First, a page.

Last week, the UK government voted, by a huge majority of 481 MPs, to engage in military action in Iraq. Now, once again, we are effectively at war in the Middle East. For anyone committed to humanitarian inclinations, military force – so easily legitimated through hyperbolic statements of threat, and dramatic images of missiles precisely destroying targets through an aircraft’s gun-sights – should be treated with deep scepticism. Yet the tendency to reflexively reject and virulently condemn military action out of hand is no less lacking in critical reflection than the mindless swallowing of hawkish hyperbole. The international community has rightly been condemned for standing by and allowing genocide to occur in Rwanda in 1994, and in Darfur in 2003. Is this a similar case? The unfolding and deepening disaster in Iraq seems very much of our own making; so will inaction make us again culpable in unspeakable human suffering? Or is the impulse to fight mere atavistic “war fever”?[1] To answer these questions we need to interrogate two more: first, is the threat of ISIS as great as is claimed? And second, will military action do any good?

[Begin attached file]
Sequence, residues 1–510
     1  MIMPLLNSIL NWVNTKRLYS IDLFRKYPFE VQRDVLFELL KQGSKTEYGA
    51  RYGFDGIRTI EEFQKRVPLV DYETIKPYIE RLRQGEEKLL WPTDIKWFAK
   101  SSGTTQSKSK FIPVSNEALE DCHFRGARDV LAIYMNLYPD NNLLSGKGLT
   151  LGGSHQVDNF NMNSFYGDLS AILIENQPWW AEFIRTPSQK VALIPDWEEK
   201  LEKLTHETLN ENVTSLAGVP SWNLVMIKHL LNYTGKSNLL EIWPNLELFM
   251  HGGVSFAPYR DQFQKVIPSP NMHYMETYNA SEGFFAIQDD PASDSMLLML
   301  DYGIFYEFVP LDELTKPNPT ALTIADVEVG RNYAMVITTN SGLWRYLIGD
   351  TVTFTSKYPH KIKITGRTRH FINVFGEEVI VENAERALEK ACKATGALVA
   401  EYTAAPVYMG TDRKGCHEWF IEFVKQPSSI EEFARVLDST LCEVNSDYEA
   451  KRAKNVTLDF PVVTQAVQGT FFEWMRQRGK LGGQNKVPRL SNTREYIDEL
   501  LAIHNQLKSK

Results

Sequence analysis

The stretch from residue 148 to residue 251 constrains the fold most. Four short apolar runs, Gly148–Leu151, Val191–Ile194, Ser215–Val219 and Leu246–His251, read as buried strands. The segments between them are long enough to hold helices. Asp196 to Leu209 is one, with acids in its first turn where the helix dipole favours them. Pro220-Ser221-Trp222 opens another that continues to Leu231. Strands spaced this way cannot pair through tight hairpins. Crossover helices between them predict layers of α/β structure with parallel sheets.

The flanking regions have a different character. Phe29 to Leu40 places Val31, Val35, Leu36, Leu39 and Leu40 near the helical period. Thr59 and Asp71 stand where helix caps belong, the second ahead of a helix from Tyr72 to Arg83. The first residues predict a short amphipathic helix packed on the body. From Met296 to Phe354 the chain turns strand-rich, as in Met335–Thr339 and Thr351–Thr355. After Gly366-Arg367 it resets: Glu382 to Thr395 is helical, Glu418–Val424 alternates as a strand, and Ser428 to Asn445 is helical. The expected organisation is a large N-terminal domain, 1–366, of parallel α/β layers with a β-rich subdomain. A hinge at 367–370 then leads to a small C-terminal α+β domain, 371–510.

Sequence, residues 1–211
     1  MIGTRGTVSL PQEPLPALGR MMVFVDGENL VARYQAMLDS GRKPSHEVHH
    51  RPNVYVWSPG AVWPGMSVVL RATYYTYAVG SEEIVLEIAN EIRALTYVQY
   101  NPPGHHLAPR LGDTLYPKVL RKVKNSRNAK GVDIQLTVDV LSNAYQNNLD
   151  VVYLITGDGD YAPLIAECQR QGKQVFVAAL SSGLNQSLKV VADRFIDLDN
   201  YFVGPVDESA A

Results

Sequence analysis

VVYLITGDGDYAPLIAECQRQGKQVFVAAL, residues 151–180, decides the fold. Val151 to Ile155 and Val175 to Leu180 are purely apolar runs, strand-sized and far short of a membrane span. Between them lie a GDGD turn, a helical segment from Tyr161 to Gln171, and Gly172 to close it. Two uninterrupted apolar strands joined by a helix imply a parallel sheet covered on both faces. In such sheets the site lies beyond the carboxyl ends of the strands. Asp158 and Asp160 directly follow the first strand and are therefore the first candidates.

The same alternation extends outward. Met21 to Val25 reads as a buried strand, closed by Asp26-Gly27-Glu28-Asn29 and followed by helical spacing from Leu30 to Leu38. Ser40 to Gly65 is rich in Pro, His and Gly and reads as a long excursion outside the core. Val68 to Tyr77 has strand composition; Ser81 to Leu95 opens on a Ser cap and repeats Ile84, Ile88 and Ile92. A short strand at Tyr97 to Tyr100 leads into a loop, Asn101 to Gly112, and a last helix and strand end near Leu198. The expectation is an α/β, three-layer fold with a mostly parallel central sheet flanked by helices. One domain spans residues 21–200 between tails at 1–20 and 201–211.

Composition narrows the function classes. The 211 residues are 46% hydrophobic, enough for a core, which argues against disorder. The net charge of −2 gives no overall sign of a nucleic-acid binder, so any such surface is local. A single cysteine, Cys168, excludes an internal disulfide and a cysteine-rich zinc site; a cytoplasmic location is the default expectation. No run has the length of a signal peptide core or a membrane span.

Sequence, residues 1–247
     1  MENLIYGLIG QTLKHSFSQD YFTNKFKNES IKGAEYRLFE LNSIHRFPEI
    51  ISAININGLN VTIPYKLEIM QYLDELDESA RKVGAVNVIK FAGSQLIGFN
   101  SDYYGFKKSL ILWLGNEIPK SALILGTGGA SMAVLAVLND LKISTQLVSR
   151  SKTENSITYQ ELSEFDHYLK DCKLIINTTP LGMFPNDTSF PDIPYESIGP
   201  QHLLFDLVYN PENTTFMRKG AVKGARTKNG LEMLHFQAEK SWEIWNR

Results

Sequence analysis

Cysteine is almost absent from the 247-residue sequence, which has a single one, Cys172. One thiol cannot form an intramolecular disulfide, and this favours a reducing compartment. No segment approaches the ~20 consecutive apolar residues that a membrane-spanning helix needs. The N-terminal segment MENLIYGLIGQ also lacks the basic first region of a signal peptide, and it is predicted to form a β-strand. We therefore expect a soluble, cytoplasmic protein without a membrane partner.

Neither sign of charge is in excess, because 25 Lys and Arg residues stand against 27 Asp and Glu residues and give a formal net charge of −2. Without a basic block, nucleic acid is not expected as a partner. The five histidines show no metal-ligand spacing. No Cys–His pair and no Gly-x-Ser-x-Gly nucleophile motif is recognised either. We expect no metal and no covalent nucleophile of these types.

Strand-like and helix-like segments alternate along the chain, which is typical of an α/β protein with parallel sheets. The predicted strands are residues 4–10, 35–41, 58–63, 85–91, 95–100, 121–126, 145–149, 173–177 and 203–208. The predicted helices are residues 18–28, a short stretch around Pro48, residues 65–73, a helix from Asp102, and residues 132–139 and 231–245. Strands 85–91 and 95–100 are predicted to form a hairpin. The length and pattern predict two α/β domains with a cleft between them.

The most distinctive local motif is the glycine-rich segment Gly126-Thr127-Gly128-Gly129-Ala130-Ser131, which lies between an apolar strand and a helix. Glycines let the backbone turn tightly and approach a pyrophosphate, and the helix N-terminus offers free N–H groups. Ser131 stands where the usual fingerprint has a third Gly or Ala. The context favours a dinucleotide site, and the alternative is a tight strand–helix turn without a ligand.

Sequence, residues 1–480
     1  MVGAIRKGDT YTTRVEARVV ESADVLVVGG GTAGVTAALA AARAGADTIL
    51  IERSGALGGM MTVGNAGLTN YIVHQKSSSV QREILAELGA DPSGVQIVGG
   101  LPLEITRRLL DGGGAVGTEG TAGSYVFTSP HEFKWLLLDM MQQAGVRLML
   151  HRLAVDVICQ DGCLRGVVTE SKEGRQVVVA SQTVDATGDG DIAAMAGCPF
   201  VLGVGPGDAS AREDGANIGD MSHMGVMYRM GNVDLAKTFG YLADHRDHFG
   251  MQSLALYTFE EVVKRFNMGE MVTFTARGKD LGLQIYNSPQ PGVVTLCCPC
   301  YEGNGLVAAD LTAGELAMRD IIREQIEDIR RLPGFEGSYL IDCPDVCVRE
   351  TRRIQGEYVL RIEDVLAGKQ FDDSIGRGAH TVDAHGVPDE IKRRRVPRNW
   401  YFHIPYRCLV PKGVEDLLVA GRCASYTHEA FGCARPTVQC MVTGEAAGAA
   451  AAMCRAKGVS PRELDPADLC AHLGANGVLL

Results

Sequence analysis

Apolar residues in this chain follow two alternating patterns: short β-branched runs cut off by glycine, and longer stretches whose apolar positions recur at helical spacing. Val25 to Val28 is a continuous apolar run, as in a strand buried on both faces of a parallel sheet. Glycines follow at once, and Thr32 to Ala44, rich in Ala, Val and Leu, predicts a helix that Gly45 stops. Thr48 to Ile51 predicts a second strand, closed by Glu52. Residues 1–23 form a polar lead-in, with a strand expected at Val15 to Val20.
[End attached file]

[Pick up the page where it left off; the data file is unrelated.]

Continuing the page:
Recently I had a chance to visit the Christian community of Tur Abdin in Eastern Turkey, a long standing community. The monasteries where I stayed dated to the 5th century AD. The people are generous and welcoming, but there is certainly a feeling of isolation and anger in the community as well. You can see Syria stretching out in the distance from the Mor Hananyo Monastery. The people have family and friends in Syria and Iraq. These are the Christians who have been subjected to the brutality of the Islamic State (IS) along with the Yazidi, Shabak and Shia people of the region. Yet, this is nothing new to the people of Tur Abdin. The monasteries, with their austere beauty and clockwork way of life, give the impression of tranquility. The reality is that this region of the world has been subjected to repeated instances of inter-ethnic and inter-religious conflict. All but one of the people I spoke about the region and its history had lost family in the pogroms of the late 19th century, the terrible bloodletting that accompanied the collapse of the Ottoman Empire, down to the recent conflict between Ankara and the Kurds. Violence is woven into the historical fabric of life in Tur Abdin. The people are horrified and scared of what is happened a few kilometers from their homes, but they do not expect anyone to help. They’ve seen this before. The international community condemns, prevaricates and retreats. Admittedly, things are starting to happen. Airstrikes against IS have escalated and now include strikes in Syrian territory. Greater assistance is being given to the Kurdish Peshmerga, moderate Syrian forces and the Iraqis. However, this is insufficient. The world needs to decisively intervene in this conflict because the Islamic State is attempting to commit genocide against the minorities in their territory and we all have an obligation to stop them.